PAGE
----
Extra Dose of Insulin After Eating May Improve Heart Health


A second smaller dose of insulin after eating is a simple way people with type 1 diabetes can cut cardiovascular risk, according to a small study in the UK. The catch, however, is that people with type 1 diabetes have to rethink how they use insulin and how it interacts with food.

“Looking at the science makes you realize this makes complete sense,” says Dr. Matthew Campbell, Senior Lecturer in Sport and Exercise Nutrition at Leeds Beckett University, who co-authored the results of the study. “Living with type 1 diabetes is difficult. But, this study shows a simple, pragmatic step that can be taken that we think will improve health.”

The study published in Diabetes and Vascular Disease Research on June 5, shows that taking a dose of insulin three hours after eating a meal high in fat helped reduce fat and inflammatory markers in the blood that lead to cardiovascular problems later in life. The study is significant because, according to the International Diabetes Foundation, the leading cause of death among both type 1 and type 2 diabetics is cardiovascular disease as a complication of diabetes.

The study signals a new way of considering how insulin interacts with food. Typically, fast-acting insulin is taken before or with a meal and the amount taken is synched to the carbohydrate content of the meal. But, according to Campbell, that’s not the only impact that insulin has on the food a person eats. And, he learned of this in the most straightforward way possible.

“Originally, I came across this when I was out to dinner with a friend who has type 1 diabetes,” Campbell said. “In addition to their usual insulin dose, they took a second dose of insulin after the meal and it was timed and taken to account for the fat content in the meal, in addition to the carbohydrate content.”

Campbell, who specializes in researching nutrition and diabetes, was intrigued by his dinner companion’s dosing regime. But, when taking a closer inspection of what had previously been researched—the implications of postprandial insulin (that is, insulin taken after eating) and how it impacted metabolizing fat in the bloodstream—he was surprised to find that there very little information to support such a dosing strategy.

The topic of postprandial insulin was not something unknown to Campbell, and not only because he was an expert in nutrition and diabetes. A small study in 2016 again by Campbell found that a bolus injection of rapid-acting insulin three hours after a meal high in carbs and fat prevented hyperglycemia—or high blood sugar—as well as preventing hypoglycemia compared simply by taking insulin before a meal and counting only carbs.

That study was not typical, Campbell says. That’s because fat content in food is not often talked about when researchers and caregivers educate people with diabetes on how to administer insulin to control their blood sugar before, during, and after meals.

“Many people with type 1 diabetes struggle to regulate their blood sugar levels around mealtimes, because the fat content in their food is metabolized after their standard insulin injection has lost its potency or has left their blood,” Campbell says. This led him to move on from the study in 2016 to investigating the role of fat content and insulin and how it impacts cardiovascular health. “Most meals in a typical UK diet have a high fat content, and slower metabolism of this fat can lead to raised blood sugar levels—with risk of hyperglycemia—and also higher levels of fat and inflammatory markers in the blood, which increase the risk of cardiovascular disease.”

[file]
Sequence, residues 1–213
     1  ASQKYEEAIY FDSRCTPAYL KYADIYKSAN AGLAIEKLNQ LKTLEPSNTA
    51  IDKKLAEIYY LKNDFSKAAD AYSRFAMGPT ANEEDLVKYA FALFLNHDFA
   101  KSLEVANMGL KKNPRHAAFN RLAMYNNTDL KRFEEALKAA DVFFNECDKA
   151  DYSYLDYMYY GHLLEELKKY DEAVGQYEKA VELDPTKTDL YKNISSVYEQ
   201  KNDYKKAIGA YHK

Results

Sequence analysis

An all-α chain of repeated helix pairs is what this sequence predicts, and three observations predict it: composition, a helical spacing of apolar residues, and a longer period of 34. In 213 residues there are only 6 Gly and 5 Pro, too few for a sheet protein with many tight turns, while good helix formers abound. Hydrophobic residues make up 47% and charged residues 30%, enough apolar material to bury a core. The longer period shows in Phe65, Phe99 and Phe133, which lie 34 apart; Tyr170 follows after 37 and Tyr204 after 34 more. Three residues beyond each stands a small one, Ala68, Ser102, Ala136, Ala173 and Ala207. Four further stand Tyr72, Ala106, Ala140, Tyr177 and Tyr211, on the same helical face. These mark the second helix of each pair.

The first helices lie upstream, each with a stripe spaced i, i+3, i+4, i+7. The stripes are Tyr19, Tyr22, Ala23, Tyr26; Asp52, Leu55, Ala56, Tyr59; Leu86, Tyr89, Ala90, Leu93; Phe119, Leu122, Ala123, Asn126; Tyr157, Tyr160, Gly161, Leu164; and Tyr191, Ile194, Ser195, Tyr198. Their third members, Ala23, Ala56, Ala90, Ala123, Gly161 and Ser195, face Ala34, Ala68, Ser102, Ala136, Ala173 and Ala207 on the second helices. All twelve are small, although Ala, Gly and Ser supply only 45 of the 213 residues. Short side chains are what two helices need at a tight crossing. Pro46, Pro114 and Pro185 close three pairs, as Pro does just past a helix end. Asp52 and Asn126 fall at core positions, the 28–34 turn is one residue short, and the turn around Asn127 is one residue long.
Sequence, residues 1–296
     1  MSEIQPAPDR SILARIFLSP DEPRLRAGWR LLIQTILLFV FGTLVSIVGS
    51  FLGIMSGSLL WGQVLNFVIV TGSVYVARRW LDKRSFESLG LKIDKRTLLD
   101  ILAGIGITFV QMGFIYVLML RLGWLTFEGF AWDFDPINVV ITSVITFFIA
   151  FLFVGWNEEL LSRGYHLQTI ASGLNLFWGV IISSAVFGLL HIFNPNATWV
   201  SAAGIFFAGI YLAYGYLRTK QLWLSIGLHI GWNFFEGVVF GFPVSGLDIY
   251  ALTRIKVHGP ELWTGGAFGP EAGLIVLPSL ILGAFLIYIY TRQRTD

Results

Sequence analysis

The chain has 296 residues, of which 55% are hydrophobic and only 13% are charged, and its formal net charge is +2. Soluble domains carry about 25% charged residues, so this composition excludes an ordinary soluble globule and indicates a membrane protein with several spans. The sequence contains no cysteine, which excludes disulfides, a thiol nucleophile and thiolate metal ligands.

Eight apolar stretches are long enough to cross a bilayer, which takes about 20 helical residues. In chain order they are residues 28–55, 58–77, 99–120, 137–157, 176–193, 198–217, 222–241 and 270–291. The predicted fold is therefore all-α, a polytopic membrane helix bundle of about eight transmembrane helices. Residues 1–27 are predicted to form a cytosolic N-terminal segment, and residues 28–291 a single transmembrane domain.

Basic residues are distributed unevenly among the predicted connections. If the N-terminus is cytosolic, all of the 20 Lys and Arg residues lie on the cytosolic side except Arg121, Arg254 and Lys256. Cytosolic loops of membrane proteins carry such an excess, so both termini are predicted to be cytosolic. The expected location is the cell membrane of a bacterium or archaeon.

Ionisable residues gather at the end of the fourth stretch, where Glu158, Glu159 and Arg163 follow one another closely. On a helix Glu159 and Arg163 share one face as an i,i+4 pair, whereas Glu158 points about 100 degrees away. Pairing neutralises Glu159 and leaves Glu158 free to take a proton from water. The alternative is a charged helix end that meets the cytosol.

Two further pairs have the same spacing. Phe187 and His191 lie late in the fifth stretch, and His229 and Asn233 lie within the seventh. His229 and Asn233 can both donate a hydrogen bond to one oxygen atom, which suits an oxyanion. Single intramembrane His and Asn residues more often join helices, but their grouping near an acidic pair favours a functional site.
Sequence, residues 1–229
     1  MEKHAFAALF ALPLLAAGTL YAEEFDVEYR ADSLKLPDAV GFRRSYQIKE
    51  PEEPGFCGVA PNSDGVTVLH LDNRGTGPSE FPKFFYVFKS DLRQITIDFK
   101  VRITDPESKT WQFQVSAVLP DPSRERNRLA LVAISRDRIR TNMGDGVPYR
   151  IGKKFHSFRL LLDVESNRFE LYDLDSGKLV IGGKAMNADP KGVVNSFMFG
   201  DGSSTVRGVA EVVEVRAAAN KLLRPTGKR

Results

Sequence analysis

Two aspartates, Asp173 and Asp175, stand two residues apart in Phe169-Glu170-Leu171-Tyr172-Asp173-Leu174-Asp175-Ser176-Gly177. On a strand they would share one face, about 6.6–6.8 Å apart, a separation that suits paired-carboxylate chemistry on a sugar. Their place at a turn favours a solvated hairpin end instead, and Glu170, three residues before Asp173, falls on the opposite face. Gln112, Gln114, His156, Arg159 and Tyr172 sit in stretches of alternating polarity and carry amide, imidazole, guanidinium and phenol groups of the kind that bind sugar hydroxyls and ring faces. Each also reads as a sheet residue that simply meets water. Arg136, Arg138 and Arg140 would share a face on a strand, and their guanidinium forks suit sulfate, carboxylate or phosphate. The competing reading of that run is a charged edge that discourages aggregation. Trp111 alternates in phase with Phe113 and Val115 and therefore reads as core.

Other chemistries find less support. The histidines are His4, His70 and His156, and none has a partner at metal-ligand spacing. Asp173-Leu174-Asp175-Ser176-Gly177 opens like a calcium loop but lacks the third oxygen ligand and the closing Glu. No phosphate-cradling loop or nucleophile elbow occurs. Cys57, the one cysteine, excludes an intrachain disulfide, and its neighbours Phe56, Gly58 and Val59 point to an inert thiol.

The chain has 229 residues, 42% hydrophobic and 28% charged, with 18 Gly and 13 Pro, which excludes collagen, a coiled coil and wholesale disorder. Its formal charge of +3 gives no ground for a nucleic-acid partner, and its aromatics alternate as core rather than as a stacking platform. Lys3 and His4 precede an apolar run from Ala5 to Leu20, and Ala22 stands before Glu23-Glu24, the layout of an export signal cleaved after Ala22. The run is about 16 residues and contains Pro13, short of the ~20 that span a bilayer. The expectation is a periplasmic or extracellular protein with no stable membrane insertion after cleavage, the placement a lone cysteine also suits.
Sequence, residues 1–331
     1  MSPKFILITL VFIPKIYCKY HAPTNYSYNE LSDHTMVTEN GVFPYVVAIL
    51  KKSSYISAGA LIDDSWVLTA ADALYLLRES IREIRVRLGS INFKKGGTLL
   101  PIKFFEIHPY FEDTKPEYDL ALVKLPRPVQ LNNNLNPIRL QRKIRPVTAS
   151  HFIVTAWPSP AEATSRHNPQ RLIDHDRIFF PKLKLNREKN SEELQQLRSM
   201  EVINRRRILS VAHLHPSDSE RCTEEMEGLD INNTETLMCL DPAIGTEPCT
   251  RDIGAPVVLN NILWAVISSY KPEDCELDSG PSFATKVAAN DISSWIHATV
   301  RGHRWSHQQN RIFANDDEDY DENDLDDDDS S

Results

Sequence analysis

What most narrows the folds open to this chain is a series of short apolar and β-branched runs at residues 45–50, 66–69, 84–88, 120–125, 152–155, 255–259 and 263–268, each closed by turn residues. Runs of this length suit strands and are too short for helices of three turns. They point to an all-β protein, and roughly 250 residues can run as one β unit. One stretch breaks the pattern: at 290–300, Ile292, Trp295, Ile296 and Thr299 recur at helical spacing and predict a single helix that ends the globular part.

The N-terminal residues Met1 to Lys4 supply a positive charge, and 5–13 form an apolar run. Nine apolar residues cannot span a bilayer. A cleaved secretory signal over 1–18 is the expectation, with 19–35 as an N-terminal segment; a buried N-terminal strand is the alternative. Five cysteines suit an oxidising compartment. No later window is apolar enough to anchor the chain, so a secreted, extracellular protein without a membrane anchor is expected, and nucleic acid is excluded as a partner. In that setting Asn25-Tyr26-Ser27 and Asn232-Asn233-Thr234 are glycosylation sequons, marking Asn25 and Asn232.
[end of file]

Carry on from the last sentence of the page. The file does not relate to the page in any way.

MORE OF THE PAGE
For the clinical trial on the effect of insulin on reducing fat and inflammatory markers Campbell tested 10 individuals living with type 1 diabetes. Each of the men were given a low fat meal. The next two meals had the same carb count but were higher in fat. In the first of those two high fat meals, the subjects took a standard pre-meal dose of insulin based on the carb count in the meal. For the second high fat meal the subjects added a dose of one-third of the pre-meal dose of insulin three hours after eating. The blood test six hours after eating that meal revealed glucose, fat, and inflammatory markers that were similar to the levels tested after the low fat meal.

“The insulin three hours after eating was really beneficial,” Campbell says. “What’s more interesting is that even though the sample size was very small, it’s fairly representative of the results we would expect in a larger sample.”

Additionally, the subjects in the test were in good cardiovascular health. That’s also a good indicator because, according to Campbell, people with poorer cardiovascular health may show greater improvements than the ten men in the study demonstrated.

He says the next step will be to do conduct a larger clinical trial of perhaps 1,000 subjects or more to confirm the findings in the small study.

“This is important because it’s something that can be done easily, and directly, by people with type 1 diabetes to improve their own health,” Campbell says. “It only involves making a subtle adjustment, and not a huge, crude change, to how people are already treating their diabetes. And that little change can save lives, and improve quality of life.”

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